Minneapolis art exhibit gives outlet to heal after Philando Castile's death

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In the wake of the death of Philando Castile, artists across the Twin Cities needed to create to express how they felt. Now, their works of art are being turned into hope for healing.

A new exhibition at the Minneapolis Institute of Art named "Art and Healing: In the Moment" contains 15 pieces inspired by that fateful day. One of the pieces is a video about a mural created on a building, which was demolished five weeks after the painting was complete. Artists also sent paintings, posters, quilts and more to Castile’s mother after the deadly shooting and she wants to share them with the entire community.

“It’s painful and difficult, I think,” said Kaywin Feldman, Minneapolis Institute of Art director and president. “By putting this issue on the walls of this museum, we are saying this is an important issue and we all need to be talking about it and thinking about it.”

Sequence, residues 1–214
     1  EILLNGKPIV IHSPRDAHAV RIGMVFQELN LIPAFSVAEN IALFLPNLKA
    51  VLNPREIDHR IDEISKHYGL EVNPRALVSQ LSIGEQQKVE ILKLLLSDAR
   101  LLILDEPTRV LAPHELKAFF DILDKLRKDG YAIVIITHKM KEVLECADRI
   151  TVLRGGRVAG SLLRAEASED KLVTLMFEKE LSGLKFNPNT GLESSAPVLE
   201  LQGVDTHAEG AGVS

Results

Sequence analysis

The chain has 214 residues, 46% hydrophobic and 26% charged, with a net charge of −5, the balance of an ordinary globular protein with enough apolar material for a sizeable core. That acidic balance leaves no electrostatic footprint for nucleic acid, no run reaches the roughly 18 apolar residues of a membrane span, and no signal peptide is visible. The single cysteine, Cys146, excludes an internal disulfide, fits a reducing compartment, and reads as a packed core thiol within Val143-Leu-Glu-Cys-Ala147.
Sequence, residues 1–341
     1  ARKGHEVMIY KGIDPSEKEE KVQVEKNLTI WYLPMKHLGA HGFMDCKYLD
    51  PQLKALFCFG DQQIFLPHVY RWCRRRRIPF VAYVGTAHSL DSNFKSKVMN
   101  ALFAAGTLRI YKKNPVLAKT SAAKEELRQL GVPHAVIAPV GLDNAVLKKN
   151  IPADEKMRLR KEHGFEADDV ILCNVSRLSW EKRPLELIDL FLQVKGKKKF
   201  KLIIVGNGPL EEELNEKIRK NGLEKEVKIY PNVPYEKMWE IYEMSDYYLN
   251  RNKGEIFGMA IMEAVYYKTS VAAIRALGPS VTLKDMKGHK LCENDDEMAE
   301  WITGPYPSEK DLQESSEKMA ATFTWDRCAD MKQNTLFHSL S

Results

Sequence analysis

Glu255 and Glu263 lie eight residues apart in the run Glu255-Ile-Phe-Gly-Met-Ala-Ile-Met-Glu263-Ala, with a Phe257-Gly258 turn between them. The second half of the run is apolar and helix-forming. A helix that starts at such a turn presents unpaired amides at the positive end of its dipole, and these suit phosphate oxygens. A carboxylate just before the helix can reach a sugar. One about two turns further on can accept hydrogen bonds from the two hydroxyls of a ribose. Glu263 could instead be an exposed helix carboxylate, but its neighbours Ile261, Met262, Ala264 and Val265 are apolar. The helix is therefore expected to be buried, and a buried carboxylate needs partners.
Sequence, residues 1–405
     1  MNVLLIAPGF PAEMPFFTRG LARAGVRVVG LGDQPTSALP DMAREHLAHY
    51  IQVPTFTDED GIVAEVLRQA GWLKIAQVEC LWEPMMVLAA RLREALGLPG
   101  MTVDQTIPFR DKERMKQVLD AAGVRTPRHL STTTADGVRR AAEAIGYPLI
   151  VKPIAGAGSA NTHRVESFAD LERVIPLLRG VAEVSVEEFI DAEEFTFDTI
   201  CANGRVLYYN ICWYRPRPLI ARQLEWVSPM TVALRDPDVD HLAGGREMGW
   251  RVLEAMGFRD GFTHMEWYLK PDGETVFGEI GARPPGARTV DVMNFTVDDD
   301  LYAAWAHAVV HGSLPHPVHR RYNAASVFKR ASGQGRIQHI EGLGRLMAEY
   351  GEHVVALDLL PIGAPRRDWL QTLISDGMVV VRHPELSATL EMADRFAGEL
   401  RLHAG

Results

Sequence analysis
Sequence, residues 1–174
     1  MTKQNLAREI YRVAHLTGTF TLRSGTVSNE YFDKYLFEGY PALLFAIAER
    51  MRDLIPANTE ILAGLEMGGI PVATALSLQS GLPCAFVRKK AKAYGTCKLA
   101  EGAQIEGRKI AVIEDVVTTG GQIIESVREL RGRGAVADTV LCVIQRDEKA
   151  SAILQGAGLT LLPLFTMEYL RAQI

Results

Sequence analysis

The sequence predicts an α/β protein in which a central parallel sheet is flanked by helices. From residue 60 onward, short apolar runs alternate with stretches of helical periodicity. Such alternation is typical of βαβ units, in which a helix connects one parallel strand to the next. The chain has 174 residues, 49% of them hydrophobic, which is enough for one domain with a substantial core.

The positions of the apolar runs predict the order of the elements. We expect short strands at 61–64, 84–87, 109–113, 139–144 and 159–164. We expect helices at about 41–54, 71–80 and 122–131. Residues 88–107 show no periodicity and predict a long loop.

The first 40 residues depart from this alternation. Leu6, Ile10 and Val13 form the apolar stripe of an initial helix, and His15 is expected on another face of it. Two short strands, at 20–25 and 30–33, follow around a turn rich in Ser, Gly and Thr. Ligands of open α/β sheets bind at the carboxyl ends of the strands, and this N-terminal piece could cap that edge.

When the 32-year-old lunchroom supervisor was shot and killed by police during a traffic stop in Falcon Heights two years ago, his death sparked sadness, anger and outrage around the world.

Feldman says over the last 10 years, museums have become more interested in tackling issues that are important to the community like social justice and Castile's case is a prime example.

“If you are the museum of the people, you have to be the museum of all the people,” said Feldman. “We want to see new audiences here. Excited about working with younger audiences.”

MIA leaders believe the exhibition will help build bridges throughout the community, just like Castile did.

“I hope people come away with a profound sense of both the loss, but also hope for the future,” said Feldman.

The exhibition opened Sunday and runs through July 29.